Rick And Morty is a funny, creative and intelligent show. It follows the adventures of Rick Sanchez, the smartest man in the universe, and his grandson Morty, a thoroughly ordinary teen who gets dragged unwillingly into whatever new lunacy Rick manages to embroil himself in for the duration of each episode.

M. Night Shaym-Aliens! (Season 1, Episode 4) - 8.7

In the show’s first real mind-bending episode, Rick and Morty are abducted by Zigerion Scammers, who Rick describes as “the galaxy’s most ambitious, least successful con artists.” The scammers trap the two in a giant simulator that attempts to extract some valuable information from Rick through an elaborate series of twists and deceptions, hence the reference to movie director M. Night Shyamalan in the title. Jerry also accidentally gets put into the simulator as well and, Jerry being Jerry, he fails to see the obvious artificiality of the simulated world around him, leading to a defining first B story for the sad dad character that’s equal parts hilarious and pathetic.

Lawnmower Dog (Season 1, Episode 2) - 8.8

The show got off to a very strong start with its first handful of episodes, its second was the show’s introduction to its high-concept movie-referencing side. The A story follows Rick and Morty traveling inside the dreams of Morty’s teacher in a misguided attempt to secure better grades. The B story revolves around the family dog, Snuffles, who’s been given a special helmet by Rick to increase their intelligence, at Jerry’s request. The two stories converge at the end when Snuffles causes a dog uprising and the juggling of the storylines was a very promising sign for the series very early on.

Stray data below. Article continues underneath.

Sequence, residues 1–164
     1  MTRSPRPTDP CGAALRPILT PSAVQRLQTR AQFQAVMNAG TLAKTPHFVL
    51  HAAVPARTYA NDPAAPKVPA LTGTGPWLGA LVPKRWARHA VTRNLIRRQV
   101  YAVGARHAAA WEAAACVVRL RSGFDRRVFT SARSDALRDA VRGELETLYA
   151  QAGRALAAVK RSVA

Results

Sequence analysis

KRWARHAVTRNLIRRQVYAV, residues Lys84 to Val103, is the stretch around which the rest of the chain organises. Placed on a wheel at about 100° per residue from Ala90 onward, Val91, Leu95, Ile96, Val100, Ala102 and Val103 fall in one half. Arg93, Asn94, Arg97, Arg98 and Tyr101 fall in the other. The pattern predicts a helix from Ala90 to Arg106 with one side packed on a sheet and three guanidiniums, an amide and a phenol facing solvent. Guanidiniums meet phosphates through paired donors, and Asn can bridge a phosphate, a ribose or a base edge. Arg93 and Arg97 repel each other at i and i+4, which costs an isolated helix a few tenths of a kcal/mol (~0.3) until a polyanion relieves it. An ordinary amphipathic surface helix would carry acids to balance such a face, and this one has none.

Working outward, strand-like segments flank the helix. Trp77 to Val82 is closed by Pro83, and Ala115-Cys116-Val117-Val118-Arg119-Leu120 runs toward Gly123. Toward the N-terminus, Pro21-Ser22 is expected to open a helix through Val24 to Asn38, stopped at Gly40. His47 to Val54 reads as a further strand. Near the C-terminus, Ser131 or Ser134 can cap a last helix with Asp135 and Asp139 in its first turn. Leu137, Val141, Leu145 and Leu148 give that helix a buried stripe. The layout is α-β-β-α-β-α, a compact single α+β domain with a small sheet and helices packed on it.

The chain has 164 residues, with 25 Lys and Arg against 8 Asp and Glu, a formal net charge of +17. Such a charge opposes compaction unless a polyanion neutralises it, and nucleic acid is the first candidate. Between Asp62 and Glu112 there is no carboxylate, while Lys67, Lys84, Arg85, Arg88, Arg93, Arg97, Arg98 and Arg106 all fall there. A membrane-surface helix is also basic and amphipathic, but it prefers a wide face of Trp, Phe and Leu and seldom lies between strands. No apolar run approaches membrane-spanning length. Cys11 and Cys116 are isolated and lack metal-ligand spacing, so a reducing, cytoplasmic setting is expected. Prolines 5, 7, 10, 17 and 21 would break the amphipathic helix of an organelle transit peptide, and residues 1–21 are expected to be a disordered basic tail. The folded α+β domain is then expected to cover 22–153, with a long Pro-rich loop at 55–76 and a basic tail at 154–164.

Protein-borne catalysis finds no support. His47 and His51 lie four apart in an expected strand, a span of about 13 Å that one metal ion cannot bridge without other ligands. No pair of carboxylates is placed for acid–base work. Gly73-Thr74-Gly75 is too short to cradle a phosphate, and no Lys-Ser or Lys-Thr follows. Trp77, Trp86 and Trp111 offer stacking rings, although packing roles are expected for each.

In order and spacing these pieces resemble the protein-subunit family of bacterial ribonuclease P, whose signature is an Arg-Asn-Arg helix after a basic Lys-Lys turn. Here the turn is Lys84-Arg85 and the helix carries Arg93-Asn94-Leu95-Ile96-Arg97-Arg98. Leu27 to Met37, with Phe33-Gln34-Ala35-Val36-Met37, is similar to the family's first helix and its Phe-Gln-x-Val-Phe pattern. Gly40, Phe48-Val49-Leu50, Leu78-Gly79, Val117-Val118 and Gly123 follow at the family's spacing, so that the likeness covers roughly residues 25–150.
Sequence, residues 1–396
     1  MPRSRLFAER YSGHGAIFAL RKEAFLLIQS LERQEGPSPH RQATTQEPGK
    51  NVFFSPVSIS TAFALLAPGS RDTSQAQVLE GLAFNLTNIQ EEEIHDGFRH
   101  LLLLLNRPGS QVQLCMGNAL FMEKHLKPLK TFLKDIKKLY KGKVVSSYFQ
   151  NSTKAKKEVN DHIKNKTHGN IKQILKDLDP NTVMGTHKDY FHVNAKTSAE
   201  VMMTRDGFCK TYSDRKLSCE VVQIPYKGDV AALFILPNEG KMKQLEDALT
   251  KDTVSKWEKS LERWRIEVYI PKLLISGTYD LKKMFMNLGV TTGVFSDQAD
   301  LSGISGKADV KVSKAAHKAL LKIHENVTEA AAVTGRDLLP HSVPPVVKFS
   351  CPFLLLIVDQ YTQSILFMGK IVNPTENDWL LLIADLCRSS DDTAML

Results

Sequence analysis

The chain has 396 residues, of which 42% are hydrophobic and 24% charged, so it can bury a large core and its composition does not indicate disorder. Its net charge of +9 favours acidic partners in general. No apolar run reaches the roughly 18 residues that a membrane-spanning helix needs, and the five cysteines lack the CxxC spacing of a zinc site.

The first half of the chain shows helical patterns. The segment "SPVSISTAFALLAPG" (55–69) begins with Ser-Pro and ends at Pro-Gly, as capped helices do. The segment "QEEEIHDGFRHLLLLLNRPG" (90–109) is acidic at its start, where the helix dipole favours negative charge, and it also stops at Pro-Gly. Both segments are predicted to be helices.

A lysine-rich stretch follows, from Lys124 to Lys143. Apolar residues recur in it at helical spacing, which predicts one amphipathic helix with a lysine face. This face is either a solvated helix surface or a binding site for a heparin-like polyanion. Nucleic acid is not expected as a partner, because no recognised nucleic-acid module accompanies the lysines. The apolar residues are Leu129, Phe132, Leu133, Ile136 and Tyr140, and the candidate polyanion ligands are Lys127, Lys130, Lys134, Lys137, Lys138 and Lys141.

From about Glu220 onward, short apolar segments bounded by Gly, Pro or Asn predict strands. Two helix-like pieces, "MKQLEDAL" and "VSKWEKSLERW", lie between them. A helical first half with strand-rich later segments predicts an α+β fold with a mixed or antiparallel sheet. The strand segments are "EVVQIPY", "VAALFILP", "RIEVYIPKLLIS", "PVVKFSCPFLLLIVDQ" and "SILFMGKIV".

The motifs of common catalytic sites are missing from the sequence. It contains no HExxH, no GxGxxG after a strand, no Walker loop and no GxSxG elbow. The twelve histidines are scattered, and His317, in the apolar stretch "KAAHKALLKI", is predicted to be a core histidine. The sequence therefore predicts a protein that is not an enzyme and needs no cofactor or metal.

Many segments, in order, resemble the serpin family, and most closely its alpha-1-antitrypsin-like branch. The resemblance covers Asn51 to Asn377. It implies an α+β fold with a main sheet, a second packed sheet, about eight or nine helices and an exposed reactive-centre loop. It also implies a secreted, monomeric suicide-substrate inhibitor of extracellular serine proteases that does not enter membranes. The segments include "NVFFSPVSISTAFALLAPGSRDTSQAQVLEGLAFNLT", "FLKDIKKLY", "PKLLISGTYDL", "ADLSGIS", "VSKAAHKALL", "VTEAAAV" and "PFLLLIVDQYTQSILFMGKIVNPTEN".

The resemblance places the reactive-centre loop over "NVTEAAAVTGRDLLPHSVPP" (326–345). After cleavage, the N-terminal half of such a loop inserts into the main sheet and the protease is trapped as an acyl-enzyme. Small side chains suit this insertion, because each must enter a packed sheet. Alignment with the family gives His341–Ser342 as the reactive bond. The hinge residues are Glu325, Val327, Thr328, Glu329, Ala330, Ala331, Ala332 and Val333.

Rixty Minutes (Season 1, Episode 8) - 8.8

On a slow day, Rick decides to hook his daughter Beth’s family up with interdimensional cable. It starts off as a platform for the Rick and Morty writers to come up with the most bizarre concepts for TV shows possible but then the episode takes a turn for the personal when Beth and her husband Jerry discover alternate versions of themselves that are more successful and happy than them because, in those realities, they never married. This prompts a bout of soul-searching in Jerry, Beth, and their daughter Summer.

Rest and Ricklaxation (Season 3, Episode 6) - 8.9

Rick takes Morty to a galactic spa therapy session. It works a little too well, as the worst parts of the two are removed entirely from them and given sentience in an awful, toxic version of their world. Naturally, toxic Rick manages to find a way to cross over from his reality to ours and proceeds to wreak havoc on Earth, with the original Rick now too mild to properly make a stand against him. Fans get an exciting matchup of the two geniuses and also discover what Rick considers his worst weakness.

Morty’s Mind Blowers (Season 3, Episode 8) - 8.9